Typically, SMEs are relatively small within their given industry, are evolutionary, face continuous uncertainty. On the one hand, SMEs are believed to have an edge over larger firms in flexibility, innovation, and overhead costs, while on the other, they are limited by the amount of market power, capital and managerial resources.
SME contribute to the expansion of private ownership through entrepreneurship, and create employment due to their local presence even in the most rural areas.
SMEs are not in a position to exit from a market when conditions are adverse in order to focus on a different market, hence preserving employment.
SMEs tend to be considerably more creative and innovative than their larger counterparts, given the freedom of expression inherent in most SMEs, which facilitates and encourages creative and innovative behaviour.
SME are close to their markets, have great flexibility which they value, have the capacity to operate on slim margins, and can instigate decisions quickly.
SME have limited financial, human, material and informational resources.
Generally SME do not plan formally, can have a “bad attitude towards detailed day-to-day procedures”, and most significantly have a highly personalised management style.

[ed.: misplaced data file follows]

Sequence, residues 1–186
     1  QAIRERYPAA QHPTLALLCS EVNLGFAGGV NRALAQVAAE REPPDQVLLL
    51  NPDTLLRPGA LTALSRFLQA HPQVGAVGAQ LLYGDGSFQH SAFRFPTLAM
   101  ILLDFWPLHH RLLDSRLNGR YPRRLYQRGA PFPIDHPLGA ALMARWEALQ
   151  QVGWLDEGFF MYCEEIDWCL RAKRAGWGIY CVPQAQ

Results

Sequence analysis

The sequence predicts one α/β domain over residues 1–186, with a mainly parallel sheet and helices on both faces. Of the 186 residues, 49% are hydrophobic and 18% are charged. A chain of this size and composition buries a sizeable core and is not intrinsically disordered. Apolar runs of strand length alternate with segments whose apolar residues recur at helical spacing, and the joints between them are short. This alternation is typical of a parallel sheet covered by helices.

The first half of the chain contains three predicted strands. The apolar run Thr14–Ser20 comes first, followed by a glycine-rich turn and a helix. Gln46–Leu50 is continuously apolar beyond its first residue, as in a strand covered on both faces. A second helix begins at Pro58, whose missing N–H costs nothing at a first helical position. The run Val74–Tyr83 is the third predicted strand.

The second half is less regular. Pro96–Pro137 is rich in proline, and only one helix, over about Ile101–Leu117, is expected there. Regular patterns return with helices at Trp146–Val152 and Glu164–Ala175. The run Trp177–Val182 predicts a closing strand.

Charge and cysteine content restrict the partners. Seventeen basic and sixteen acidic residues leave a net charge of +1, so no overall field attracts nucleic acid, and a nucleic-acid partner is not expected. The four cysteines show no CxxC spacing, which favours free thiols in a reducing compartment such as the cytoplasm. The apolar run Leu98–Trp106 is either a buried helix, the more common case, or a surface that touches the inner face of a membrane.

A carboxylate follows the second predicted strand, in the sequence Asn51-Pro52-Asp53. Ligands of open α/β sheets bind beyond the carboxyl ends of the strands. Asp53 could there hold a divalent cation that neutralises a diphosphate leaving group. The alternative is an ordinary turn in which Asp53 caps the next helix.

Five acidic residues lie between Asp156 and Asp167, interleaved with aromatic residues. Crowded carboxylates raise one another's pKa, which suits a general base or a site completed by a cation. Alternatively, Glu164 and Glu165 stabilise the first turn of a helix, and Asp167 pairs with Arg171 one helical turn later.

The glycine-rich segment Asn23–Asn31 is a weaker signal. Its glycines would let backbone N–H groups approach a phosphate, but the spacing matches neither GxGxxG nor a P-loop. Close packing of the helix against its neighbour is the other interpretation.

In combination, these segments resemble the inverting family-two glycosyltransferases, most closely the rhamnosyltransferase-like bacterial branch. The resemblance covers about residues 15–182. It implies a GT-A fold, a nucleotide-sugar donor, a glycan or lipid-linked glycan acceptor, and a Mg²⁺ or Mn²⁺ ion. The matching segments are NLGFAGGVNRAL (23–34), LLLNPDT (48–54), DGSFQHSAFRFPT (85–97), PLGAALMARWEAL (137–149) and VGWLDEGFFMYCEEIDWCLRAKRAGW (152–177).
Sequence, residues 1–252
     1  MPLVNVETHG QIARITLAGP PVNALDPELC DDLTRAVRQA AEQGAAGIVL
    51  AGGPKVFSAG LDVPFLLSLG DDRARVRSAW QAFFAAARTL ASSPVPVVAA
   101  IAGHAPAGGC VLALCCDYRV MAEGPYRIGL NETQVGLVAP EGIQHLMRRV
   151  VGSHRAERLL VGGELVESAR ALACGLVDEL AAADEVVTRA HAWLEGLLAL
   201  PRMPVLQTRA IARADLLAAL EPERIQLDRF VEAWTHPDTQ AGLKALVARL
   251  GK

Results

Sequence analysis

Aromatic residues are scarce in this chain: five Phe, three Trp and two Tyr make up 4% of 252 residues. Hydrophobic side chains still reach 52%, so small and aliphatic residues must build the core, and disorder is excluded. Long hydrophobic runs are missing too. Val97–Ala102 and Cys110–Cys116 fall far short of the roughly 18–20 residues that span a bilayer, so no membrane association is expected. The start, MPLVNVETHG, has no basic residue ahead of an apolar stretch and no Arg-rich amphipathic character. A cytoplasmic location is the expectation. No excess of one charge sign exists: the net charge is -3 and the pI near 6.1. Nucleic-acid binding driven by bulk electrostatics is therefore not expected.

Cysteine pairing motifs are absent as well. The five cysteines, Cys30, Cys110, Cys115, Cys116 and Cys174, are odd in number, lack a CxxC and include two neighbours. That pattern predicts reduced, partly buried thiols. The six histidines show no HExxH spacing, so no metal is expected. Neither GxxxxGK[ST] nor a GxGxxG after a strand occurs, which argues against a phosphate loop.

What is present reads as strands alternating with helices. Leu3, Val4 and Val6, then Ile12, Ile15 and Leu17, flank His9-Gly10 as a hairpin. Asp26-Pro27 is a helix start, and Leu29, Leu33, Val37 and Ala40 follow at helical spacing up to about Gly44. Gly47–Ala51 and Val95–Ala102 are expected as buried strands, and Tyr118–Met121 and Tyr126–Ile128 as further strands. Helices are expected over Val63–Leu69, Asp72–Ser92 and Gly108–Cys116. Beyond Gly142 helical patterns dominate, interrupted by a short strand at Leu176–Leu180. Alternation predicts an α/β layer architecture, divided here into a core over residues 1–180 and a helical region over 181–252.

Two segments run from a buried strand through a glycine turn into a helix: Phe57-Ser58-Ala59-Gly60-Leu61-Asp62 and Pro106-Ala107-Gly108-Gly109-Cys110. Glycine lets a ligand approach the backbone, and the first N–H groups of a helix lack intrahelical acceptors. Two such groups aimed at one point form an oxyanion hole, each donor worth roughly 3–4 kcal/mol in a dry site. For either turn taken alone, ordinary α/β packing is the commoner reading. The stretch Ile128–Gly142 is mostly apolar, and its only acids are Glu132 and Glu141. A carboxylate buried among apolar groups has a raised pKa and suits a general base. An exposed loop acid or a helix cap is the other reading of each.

SMEs typically have limited impact in their given markets, and limited network access.
Many SME owner/ managers experience problems with marketing, government regulations and bureaucracy, capital raising, taxation, and management of the organisation in general.
Employees of SMEs are more highly motivated, carry out a wider range of tasks within the organisation and work more closely with their bosses than employees of larger organisations.
SMEs can be categorised depending on the industry within which they operate, their growth stage, and the owners’ managerial style and/or growth goals – they do share inherent characteristics which impact upon the way in which they operate. These characteristics form a backdrop which, to a large extent, impacts upon the way in which such firms are managed.